He encourages investment managers to break free of the credit boom mindset and return assets from developing economies to the UK, and proposes policy incentives for them to do so.
The credit boom, Williams argues, encouraged investors to shift their capital out of UK listed companies and into the developing economies, private equity and hedge funds that offered greater liquidity and (seemingly) higher returns. Instead, with smaller listed companies shown to perform better over the long-term, and smaller companies more likely to grow, create jobs and reinvest their turnover in the local economy, UK investors can do good business, in every sense, by targeting their investment capital at this neglected end of the British market.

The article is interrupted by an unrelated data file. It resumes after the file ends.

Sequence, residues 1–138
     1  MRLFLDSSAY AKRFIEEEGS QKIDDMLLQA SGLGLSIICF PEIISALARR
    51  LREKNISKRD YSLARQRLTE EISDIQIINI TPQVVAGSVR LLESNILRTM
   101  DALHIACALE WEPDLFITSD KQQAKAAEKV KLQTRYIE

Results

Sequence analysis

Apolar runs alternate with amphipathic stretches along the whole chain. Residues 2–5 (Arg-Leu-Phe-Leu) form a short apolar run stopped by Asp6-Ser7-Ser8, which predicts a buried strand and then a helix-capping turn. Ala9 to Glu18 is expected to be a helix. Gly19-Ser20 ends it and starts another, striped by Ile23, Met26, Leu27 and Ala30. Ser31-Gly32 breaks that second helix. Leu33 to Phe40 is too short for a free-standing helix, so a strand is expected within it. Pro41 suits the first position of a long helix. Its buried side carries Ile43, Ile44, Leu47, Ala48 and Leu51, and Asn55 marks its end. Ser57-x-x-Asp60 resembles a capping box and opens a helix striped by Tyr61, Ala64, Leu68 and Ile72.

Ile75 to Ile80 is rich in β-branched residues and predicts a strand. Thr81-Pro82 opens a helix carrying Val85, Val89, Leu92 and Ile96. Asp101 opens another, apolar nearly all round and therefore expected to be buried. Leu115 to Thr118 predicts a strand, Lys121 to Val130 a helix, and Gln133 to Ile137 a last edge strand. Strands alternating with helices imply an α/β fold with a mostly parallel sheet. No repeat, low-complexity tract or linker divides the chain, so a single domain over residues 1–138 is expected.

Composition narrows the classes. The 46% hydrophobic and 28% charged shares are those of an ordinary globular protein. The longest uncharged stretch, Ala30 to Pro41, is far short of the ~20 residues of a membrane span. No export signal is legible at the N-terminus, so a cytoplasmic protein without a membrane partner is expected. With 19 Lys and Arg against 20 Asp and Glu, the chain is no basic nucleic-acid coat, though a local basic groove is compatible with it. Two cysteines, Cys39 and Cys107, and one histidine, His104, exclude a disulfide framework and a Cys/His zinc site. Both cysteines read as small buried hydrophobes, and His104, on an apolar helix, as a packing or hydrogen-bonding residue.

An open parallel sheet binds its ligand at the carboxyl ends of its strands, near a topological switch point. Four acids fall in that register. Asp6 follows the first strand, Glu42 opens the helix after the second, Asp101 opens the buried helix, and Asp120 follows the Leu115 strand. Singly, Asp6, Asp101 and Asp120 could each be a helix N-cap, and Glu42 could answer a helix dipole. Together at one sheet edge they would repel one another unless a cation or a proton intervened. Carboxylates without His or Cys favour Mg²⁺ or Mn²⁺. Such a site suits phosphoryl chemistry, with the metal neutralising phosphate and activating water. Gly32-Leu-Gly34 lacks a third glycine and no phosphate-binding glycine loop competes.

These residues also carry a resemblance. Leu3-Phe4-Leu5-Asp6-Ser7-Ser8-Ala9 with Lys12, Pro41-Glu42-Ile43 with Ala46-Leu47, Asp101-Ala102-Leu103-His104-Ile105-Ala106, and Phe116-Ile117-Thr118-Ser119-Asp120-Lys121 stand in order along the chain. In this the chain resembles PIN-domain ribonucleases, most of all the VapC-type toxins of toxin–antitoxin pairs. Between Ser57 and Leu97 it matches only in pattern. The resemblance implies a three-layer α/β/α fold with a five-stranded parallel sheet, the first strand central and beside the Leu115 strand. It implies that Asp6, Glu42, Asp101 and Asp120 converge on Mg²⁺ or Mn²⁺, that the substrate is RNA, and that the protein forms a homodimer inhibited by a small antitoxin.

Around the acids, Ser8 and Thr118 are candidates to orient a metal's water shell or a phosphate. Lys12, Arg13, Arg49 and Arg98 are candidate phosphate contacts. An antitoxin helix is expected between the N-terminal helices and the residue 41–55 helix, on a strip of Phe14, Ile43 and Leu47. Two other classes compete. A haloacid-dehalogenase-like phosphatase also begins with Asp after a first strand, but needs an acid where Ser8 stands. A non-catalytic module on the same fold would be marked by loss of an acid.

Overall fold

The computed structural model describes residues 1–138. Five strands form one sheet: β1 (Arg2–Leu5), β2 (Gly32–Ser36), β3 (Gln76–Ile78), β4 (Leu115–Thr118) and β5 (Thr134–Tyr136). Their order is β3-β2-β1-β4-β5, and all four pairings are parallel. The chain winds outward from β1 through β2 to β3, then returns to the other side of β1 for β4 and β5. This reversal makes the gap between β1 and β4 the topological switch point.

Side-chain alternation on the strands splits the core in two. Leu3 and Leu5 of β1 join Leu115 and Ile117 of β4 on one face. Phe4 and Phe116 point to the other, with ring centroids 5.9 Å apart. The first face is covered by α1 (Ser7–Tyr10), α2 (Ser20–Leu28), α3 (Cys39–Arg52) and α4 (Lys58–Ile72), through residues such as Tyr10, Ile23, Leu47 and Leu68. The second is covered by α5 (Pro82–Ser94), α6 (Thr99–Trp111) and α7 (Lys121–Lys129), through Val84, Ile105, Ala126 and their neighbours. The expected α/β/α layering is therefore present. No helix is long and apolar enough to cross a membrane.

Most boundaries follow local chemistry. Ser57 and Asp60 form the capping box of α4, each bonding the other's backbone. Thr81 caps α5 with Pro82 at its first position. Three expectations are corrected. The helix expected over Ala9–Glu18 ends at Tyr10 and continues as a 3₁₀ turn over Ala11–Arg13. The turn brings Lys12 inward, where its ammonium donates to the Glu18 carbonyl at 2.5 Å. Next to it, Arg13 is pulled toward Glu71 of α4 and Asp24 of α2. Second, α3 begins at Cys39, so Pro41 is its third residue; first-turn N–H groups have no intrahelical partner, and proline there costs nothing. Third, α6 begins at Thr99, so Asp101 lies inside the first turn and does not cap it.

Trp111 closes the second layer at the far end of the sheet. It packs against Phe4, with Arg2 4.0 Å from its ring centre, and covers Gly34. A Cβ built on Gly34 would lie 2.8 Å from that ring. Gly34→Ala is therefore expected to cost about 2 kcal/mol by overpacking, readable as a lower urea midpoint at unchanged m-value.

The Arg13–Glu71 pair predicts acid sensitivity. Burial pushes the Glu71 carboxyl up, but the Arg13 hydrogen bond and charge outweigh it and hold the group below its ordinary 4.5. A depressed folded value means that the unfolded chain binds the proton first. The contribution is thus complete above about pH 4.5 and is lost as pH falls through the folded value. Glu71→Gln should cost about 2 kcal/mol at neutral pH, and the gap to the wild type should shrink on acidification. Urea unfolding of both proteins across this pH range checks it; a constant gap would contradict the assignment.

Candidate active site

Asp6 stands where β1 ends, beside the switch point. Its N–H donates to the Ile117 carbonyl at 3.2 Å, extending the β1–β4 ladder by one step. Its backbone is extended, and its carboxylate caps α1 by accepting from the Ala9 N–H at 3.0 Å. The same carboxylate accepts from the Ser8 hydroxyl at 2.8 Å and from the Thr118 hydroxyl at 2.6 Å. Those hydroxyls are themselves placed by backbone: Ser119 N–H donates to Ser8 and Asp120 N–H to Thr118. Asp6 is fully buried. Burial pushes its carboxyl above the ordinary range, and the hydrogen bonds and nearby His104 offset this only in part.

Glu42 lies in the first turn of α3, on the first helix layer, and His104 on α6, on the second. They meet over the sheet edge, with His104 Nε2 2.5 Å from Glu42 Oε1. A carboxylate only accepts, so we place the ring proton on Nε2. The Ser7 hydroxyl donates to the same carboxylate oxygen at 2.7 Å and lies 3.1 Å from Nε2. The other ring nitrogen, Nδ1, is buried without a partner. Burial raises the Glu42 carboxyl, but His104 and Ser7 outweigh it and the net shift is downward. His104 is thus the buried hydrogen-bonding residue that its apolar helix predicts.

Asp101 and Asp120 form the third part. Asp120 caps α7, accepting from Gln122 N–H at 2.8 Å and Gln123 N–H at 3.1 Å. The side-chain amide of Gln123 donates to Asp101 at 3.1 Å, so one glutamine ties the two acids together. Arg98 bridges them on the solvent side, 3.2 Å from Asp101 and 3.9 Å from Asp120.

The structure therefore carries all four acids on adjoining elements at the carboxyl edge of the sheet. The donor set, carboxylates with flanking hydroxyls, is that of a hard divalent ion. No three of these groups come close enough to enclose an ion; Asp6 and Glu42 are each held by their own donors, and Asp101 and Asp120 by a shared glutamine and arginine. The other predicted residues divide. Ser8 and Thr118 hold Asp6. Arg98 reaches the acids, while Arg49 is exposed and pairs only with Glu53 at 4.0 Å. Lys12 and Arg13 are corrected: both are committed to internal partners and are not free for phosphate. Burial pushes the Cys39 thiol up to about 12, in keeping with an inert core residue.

State of the North 2024: Charting the course for a decade of renewalThe North’s communities are ambitious for a better future, but face systemic and pronounced inequalities. Gaps in power, wealth, opportunity, and health result in shorter, sicker, less fulfilling lives.
No home left behind: Funding a just transition to clean heat in ScotlandHow can we ensure that investment in clean heating in Scottish homes drives a just transition, sharing costs and benefits fairly?
The asylum backlog: Job done?This blog post sets out how the department must now grapple with a new set of backlog challenges.